Review: In ‘Before We Vanish,’ the Aliens Have a Lot of Questions

When will they ever learn? The aliens, I mean, who can’t seem to resist the impulse to invade Earth and wipe out humanity. “Before We Vanish,” Kiyoshi Kurosawa’s witty science-fiction chin-scratcher — less a horror movie than a series of musings on potentially horrifying ideas — addresses the question literally. It concerns a reconnaissance squad of space travelers sent to do fieldwork in our ways and habits, with particular emphasis on our mental concepts.

There is a long and rich tradition of debate in philosophy and cognitive science about the nature of those entities, which the three main aliens resolve with impressive practical acumen. For them, to acquire a concept is to steal it from the person who explained it, a theft that is consummated by a brisk tap on the forehead. The victim crumples to the ground (there are some variations on this procedure) and then resumes life missing a key piece of mental furniture.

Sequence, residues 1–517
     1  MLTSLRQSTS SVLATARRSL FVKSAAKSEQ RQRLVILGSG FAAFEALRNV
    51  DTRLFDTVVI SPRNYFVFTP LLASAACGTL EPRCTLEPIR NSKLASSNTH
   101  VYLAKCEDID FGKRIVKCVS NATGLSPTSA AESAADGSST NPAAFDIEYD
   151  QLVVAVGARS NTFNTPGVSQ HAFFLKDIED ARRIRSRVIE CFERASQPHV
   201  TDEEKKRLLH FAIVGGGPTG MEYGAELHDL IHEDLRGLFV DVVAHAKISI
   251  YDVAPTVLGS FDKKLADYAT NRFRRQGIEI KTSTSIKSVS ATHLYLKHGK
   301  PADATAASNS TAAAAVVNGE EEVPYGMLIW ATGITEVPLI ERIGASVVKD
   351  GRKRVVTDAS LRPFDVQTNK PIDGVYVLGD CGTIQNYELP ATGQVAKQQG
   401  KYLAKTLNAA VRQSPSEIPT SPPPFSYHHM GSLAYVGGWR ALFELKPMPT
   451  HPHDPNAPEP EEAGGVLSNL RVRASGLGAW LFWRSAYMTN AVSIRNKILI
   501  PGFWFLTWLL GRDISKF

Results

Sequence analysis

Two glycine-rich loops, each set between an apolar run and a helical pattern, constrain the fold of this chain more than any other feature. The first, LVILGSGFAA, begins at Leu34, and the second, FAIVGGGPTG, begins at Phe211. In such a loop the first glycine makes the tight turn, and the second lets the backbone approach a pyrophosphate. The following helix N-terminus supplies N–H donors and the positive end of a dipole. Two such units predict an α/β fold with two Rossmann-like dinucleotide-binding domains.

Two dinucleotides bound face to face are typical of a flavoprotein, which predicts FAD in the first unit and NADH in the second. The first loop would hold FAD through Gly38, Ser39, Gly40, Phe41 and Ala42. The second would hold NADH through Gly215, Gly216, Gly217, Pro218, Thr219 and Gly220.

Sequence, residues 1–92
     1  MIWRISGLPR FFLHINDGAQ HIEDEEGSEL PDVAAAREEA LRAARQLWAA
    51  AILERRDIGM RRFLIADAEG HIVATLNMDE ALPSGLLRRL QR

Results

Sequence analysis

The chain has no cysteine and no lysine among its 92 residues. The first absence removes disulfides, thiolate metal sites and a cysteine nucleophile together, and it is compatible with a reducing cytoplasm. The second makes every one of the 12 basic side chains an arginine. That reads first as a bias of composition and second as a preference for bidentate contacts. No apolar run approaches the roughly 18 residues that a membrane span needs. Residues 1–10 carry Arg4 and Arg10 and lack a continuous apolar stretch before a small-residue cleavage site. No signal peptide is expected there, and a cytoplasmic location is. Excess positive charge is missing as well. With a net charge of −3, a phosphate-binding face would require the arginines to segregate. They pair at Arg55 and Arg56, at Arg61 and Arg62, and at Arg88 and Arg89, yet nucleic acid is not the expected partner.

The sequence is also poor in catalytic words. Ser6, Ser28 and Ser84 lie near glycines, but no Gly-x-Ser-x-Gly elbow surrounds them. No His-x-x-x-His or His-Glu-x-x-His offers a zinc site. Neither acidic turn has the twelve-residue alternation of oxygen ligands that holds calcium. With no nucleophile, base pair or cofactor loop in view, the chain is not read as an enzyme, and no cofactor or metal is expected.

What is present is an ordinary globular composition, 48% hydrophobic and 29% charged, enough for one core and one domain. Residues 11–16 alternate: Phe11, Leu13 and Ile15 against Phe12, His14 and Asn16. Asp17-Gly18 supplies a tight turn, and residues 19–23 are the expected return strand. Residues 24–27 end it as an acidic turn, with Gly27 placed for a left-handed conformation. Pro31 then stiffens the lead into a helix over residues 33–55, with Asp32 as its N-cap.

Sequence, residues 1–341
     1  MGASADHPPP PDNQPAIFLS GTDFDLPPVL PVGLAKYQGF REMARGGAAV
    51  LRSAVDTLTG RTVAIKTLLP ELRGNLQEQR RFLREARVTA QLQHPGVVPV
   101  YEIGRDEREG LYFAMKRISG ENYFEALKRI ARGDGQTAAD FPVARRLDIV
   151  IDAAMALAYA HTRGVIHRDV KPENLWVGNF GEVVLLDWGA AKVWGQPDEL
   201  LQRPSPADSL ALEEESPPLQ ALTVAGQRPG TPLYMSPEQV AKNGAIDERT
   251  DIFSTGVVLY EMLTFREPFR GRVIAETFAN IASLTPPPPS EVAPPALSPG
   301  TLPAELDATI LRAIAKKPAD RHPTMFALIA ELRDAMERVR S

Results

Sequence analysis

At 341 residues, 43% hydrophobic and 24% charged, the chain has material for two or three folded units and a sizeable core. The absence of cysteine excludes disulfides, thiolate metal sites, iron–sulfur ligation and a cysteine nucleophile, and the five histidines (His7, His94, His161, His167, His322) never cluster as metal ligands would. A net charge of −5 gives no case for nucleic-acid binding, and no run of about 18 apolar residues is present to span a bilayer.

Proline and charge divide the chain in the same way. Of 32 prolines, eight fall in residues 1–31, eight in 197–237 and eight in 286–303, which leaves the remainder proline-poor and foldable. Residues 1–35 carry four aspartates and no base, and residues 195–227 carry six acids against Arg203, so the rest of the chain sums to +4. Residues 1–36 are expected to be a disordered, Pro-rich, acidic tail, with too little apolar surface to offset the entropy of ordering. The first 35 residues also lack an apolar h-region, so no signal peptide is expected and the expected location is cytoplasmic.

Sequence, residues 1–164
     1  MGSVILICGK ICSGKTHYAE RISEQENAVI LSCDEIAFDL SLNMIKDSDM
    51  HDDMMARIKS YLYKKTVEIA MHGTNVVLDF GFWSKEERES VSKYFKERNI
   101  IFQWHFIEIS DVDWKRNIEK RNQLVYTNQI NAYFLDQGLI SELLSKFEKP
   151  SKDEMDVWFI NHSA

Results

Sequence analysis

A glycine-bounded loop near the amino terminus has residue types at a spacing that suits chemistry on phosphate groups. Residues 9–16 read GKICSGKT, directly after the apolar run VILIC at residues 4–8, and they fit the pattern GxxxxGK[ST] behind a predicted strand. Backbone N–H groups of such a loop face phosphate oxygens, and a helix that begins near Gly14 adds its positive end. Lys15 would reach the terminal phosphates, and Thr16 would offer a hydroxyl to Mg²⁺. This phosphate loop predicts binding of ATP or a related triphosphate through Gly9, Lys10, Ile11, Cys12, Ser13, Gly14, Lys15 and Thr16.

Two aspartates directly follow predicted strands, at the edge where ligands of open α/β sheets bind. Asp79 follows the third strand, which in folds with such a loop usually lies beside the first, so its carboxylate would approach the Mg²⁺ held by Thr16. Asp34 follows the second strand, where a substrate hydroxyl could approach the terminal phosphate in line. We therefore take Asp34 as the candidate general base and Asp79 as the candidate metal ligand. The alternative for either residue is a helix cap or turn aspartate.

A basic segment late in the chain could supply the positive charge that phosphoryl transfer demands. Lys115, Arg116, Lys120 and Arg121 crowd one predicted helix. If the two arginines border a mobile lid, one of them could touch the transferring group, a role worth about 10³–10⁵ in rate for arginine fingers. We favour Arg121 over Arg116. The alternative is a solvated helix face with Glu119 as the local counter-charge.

The result is not always terrifying. A manipulative, sexually-harassing boss, robbed of “work,” capers across the desktops of his office, laughing and tossing paper airplanes. A young man who has lived for a long time as an anxious shut-in loses “home” and finds himself free to explore the world and embrace political causes. It almost seems as if the aliens do their unwitting hosts a favor. The catch is that they plan to exterminate us and take over the planet.

Prestamo 1000 euros